Think of your favorite pieces of technology. These are the things that you use every day for work and play, and pretty much can’t live without.
Chances are, at least one of them is a gadget – your phone, maybe, or your gaming console.
But if you really think about it, chances also are good that many of your most beloved technologies are no longer made of plastic, metal and glass.
Maybe it’s a streaming video service you use to binge watch “Game of Thrones” on or an app that lets you track your steps and calories so you can fit into those jeans you wore back in high school. Maybe it’s a virtual assistant that helps you remember where your meetings are and when you need to take your medicine, or an e-reader that lets you get lost in your favorite book via your phone, tablet or even car speakers.
Perhaps, quietly and without even realizing it, your most beloved technologies have gone from being things you hold to services you rely on, and that exist everywhere and nowhere. Instead of the gadgets themselves, they are tools that you expect to be able to use on any type of gadget: Your phone, your PC, maybe even your TV.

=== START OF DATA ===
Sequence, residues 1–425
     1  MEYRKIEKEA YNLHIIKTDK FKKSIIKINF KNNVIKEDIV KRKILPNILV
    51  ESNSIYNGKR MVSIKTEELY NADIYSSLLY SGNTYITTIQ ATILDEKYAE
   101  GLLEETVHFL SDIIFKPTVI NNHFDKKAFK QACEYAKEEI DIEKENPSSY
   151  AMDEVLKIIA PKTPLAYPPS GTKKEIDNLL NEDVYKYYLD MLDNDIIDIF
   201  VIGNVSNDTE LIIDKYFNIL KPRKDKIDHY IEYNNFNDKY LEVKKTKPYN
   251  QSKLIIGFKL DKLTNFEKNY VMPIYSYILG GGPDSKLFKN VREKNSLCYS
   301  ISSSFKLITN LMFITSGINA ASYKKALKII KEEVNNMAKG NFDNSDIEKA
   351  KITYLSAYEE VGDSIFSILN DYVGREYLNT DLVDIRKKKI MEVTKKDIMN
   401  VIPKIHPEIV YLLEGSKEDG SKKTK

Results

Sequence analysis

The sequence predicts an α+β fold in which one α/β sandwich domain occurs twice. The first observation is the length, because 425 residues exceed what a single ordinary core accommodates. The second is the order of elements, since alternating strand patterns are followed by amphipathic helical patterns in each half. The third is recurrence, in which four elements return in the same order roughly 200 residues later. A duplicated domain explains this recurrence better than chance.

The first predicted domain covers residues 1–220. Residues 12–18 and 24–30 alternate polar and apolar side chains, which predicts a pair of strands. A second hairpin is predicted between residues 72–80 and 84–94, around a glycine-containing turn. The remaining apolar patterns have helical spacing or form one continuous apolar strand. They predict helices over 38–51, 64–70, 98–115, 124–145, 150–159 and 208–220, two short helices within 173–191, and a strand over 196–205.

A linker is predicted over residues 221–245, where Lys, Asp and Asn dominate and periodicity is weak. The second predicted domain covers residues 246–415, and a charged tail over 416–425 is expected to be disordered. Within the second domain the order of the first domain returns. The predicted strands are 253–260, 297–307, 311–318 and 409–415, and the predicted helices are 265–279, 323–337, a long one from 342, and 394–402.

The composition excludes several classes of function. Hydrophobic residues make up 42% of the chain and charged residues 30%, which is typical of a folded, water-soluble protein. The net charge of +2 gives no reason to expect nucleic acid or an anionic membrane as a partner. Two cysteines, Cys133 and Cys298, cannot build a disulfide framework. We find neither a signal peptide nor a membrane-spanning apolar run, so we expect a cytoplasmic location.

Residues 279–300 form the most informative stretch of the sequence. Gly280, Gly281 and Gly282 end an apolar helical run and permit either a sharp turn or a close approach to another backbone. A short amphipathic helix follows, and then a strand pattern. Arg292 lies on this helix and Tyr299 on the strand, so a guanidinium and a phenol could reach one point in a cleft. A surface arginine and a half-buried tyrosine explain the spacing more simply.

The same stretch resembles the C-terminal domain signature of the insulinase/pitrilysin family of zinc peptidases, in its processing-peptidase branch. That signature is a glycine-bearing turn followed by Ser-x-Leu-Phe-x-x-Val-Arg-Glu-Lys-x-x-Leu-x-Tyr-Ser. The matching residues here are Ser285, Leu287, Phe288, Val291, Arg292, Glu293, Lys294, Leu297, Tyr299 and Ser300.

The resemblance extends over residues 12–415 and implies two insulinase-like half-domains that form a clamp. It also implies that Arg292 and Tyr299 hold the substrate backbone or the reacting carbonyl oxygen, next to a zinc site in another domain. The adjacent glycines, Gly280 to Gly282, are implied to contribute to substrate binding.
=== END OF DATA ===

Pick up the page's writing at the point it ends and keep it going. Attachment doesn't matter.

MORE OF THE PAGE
They are part of what Harry Shum, executive vice president in charge of Microsoft’s Technology and Research division, refers to as an “invisible revolution.”
“We are on the cusp of creating a world in which technology is increasingly pervasive but is also increasingly invisible,” Shum said.
Bing’s sports predictions, beautiful murals around the world and a photographer’s Great Barrier Reef adventure are just a few reasons to take a look back at the week’s news at Microsoft. We’ve rounded up some of the highlights in this latest edition of Weekend Reading.